Cornwall Council hits out at solar subsidy cut
Cornwall Council has expressed disappointment at planned changes to the feed in tariff for large-scale solar energy production.
The UK government has proposed cuts of up to 70% to the tariff, a subsidy for producing renewable energy.
It says small-scale schemes for householders could lose out if large schemes take all the subsidy available.
But Cornwall Council said its own plans could be dashed because they would no longer be profitable.
The government proposal would be implemented on the 1 August, reducing payments to farmers or owners of large commercial buildings.
According to the government's proposal, which is subject to consultation, payments for any solar installation over about 50kW would be reduced.
The full reduction would apply to installations from 250kW to 5MW - the standard size for a farm-based scheme.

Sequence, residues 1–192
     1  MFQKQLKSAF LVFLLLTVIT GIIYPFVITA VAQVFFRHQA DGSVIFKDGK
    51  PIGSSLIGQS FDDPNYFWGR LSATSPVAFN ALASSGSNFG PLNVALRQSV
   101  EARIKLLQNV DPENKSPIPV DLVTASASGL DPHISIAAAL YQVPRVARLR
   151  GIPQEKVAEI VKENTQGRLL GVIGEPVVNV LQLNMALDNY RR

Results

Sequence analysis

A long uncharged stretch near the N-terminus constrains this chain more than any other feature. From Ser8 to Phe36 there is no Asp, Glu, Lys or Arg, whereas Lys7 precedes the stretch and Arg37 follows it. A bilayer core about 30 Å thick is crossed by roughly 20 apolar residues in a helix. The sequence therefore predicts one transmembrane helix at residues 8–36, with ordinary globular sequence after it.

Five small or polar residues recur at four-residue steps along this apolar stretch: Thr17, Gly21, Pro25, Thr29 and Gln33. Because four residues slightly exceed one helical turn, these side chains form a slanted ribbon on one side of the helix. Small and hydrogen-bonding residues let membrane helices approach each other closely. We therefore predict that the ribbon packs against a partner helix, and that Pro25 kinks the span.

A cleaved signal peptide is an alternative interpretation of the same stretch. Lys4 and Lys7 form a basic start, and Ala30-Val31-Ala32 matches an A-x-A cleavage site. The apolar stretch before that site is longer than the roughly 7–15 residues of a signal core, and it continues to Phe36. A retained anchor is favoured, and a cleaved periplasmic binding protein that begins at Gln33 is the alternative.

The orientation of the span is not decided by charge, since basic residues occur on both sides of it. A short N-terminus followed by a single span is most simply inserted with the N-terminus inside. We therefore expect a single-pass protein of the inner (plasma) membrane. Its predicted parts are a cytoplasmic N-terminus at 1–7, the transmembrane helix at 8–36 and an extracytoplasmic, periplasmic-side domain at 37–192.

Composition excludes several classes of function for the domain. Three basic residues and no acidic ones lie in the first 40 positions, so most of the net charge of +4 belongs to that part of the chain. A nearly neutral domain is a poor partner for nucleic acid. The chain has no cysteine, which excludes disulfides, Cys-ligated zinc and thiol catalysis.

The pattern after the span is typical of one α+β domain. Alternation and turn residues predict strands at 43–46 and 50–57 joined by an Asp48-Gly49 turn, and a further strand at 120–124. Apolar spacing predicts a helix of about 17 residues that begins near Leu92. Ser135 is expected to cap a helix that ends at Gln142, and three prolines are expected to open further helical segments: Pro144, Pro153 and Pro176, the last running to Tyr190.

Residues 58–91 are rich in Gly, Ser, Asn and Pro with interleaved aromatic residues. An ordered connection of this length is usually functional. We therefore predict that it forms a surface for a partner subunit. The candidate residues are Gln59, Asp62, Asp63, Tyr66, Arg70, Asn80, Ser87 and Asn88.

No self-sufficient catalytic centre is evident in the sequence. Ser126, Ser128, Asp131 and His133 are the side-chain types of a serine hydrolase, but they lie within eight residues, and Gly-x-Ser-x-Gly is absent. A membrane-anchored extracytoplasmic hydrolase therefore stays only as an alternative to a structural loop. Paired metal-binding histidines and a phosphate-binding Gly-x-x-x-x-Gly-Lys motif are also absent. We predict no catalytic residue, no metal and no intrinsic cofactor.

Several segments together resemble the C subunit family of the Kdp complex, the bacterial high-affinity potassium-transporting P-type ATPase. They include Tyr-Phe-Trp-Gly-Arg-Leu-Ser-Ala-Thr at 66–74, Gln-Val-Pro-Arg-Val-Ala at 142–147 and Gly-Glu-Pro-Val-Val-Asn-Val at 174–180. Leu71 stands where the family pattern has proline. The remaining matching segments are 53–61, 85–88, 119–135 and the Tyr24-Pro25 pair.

Julian German, Cornwall Council's cabinet member responsible for the green energy programme, says the feed in tariff was "central to the profitability" of solar farms.
The council has approved a business case for a £14m project near Newquay Airport.
He said: "The council has followed government's guidelines which allow us to generate green electricity and then sell it.
"It is hard to believe that only six months after creating the legislation which allow us to take this route, they are now considering taking away the incentive that made it so financially viable.
The new scheme is designed to preserve funds, which come from consumer bills, for schemes on domestic roofs.
These tend to be more expensive and generally need greater subsidies.